After two whirlwind classes of knife skills, soups, stocks, sauces, and an adrenaline rush, we got to: The Meat.  This day (July 11, AKA Day 3) was about roasting and sautéing.  On the agenda for the day: whole roasted chicken, whole chicken breakdown, sautéed chicken breast, steak au poivre, and trout amandine (if there was time).

Class started off with a demonstration on how to truss a chicken to be roasted so that we could each get our chickens into the oven as soon as possible.  One of the first things Kevin brought up was one of the great debates: to wash or not to wash (a chicken before prepping).  Apparently there are two ways commercial chickens are chilled: either air chilled (in which the chickens are chilled in a cold room post-plucking) or water chilled (they are thrown into cold water after being plucked – the chickens seen in the grocery store wrapped tightly in a plastic bag with blood/water in it as well are usually water chilled).  Whether you should wash the chicken is a personal choice, though I prefer to rinse it and pat it dry, especially if it is the water chilled variety.

This was the first time I had trussed a chicken.  I’ve roasted chicken before (several times, in fact) but had never trussed it.  Trussing seemed to have more of an aesthetic reason, as the chickens I have roasted in the past have been quite tasty and retained moisture quite well.  So, I have not been swayed one way or the other.  If presentation is important the next time I roast a chicken, I will definitely truss it.

Robyn demonstrated how to make porchetta, which I had never done or had before.  The main things I took away from the demo were: stuff the meat with as much filling as possible (and then stuff it some more) because it tends to fall out when rolling, and how to tie the porchetta.  It’s not too complicated, but it does involve slipknots, so I feel like I should probably brush up on some Navy knots before attempting to tie it when I make it at home.  Robyn said that she sometimes wraps the porchetta in pork belly to ensure that it is basted with a constant source of fat.  She spoke my language – meat wrapped in meat.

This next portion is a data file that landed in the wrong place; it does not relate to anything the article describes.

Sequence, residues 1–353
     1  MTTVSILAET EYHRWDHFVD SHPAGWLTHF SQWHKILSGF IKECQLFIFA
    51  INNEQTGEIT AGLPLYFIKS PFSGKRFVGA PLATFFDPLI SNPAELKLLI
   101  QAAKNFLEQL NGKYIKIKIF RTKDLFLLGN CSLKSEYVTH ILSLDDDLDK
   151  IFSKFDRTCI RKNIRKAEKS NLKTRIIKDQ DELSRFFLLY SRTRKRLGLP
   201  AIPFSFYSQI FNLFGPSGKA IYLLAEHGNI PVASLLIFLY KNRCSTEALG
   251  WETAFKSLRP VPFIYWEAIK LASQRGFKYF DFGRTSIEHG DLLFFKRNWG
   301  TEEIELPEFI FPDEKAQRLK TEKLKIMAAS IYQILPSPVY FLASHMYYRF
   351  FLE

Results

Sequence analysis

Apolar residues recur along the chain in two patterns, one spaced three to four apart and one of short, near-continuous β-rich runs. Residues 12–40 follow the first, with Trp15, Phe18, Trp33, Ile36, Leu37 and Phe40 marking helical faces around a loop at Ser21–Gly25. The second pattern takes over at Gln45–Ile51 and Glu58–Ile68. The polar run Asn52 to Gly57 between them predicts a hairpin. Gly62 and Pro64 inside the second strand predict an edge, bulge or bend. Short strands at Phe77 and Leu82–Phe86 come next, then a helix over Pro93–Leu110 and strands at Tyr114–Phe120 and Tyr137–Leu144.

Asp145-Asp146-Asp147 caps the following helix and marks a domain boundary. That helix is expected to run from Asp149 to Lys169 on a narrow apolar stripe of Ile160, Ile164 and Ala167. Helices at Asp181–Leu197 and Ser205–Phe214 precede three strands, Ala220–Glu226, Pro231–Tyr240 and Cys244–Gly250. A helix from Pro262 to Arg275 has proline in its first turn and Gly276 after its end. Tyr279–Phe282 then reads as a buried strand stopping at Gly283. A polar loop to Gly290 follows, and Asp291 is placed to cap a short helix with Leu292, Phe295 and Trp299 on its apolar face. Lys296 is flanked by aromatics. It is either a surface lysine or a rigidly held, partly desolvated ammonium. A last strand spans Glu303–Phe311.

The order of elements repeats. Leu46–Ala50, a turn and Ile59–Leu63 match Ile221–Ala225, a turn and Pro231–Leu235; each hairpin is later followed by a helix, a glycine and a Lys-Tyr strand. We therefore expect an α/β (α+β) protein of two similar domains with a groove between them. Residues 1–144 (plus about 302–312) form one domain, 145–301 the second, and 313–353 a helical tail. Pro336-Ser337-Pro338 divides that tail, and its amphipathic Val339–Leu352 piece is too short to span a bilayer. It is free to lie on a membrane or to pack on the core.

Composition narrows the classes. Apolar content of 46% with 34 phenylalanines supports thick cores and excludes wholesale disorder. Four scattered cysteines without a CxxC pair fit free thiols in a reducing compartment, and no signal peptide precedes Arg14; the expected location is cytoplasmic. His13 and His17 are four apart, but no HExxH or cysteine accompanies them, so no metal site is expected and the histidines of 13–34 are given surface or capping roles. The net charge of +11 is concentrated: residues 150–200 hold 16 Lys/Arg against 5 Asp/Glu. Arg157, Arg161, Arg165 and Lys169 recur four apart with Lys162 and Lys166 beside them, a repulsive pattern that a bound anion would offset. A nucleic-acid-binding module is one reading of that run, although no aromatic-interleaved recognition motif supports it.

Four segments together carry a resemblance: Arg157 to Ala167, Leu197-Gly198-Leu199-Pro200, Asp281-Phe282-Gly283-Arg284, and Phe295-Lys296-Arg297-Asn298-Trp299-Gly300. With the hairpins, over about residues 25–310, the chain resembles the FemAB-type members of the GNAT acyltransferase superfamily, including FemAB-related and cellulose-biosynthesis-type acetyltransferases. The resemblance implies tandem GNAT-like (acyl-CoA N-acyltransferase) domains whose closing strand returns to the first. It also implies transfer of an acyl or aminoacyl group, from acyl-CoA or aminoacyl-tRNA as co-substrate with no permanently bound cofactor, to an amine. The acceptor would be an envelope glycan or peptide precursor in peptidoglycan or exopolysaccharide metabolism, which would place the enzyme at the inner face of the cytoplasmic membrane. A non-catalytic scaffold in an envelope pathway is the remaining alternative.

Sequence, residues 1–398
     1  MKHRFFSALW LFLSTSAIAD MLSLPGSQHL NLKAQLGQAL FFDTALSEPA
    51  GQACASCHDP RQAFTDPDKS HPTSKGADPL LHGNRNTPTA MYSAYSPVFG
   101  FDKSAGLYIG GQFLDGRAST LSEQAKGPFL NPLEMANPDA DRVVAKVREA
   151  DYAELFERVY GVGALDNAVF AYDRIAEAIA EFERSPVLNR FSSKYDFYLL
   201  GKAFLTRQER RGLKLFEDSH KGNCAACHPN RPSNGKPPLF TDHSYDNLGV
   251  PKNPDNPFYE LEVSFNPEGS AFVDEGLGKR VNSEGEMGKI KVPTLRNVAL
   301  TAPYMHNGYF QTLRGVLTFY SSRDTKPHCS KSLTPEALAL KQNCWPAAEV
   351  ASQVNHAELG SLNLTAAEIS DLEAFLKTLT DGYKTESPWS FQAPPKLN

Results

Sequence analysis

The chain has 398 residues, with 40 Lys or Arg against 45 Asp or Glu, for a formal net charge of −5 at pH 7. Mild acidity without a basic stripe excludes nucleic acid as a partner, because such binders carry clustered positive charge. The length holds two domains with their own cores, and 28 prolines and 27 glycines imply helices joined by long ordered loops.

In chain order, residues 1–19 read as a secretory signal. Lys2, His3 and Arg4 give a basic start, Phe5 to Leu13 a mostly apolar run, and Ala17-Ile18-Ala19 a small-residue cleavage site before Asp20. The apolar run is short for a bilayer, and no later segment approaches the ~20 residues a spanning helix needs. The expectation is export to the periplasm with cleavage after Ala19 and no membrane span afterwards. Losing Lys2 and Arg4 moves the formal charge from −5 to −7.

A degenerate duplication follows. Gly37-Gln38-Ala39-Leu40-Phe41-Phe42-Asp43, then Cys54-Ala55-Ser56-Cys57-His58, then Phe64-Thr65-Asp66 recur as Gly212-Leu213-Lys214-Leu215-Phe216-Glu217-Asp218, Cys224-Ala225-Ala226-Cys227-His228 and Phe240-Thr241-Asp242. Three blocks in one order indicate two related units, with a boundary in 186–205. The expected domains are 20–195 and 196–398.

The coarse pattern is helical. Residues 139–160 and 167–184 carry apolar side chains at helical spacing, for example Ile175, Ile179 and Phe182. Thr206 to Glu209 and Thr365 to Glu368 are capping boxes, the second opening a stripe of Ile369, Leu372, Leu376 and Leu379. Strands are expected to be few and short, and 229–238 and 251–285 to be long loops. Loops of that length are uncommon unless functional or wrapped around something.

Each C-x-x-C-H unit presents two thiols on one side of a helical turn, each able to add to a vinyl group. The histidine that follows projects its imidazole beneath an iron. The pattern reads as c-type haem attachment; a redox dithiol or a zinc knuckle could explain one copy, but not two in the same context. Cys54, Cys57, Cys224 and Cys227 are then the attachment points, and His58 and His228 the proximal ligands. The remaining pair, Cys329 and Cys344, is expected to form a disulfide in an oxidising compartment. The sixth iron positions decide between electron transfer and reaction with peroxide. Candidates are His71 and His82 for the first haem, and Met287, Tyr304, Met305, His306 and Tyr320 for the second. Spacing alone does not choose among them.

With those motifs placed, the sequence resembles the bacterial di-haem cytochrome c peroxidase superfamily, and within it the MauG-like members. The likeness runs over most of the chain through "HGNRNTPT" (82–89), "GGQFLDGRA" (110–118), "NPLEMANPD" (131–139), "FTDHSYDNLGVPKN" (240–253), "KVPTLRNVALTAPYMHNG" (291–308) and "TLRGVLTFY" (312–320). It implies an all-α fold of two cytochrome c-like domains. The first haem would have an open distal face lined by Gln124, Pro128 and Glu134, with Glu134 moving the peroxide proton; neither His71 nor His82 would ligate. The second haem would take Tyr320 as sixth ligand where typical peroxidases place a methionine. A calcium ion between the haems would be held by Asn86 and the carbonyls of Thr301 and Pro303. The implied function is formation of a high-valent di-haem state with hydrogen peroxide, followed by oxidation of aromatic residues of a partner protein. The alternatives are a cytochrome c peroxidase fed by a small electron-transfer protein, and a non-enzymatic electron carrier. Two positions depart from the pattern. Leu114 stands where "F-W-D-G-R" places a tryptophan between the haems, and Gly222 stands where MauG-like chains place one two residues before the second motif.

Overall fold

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Chocolate+ginger+brown butter=heaven

I recently “discovered” brown butter and all its glory.  It’s so versatile and can be used in savory and/or sweet dishes.  I can’t decide which I love more, though.  I’ve made brown butter strawberry pasta with a balsamic glaze and grilled herbed chicken; I’ve made chocolate chip cookies with brown butter; I’ve even made scallops in brown butter.  The combination of sweet nuttiness and that distinct butter flavor pairing so nicely with pretty much anything — oh, I absolutely love it.

The other day I told my partner I was going to make dessert for her.  She’s a chocoholic.  I’m a chocoholic.  So of course it was going to be something chocolatey.  For some reason, candied ginger came to mind — something I bought a few months ago with the intention of using with something chocolatey.  So I looked up some recipes in the cookbooks I have (specifically, I found a recipe for chocolate ginger shortbread cookies in my copy of Ming Tsai’s “Simply Ming”), but they all seemed either too involved or included ingredients I didn’t have on hand at home.  So I resorted to the internet and found an amazing recipe for chocolate cookies with candied ginger.  It was in Jamestown, ND’s newspaper, The Jamestown Sun back in September 2010.   Gimme More…

Feeling saucy

*This is my second journal entry. I will be posting subsequent journal entries with photos from my Culinary Arts class (please excuse the crappy photos taken with my phone).

Day 2: Sauces
07.08.2011

Whenever you start anything, you should always start with the basics.  Establish a foundation, if you will.  That way, you can improve your skills and expand your abilities by building on that foundation.  The same goes for cooking, especially with French techniques.  And the French love their sauces.  So today’s lesson was on the five leading or mother sauces – béchamel, velouté, espagnole (brown sauce), hollandaise, and tomato.  In class, we only covered the first four, as we will cover tomato sauce on Italian food day.  However, the espagnole was a demonstration, as it is a bit more involved and takes much longer.  We did, however, make béchamel, velouté, hollandaise, and cream beurre blanc (white butter sauce with cream).

Gimme more…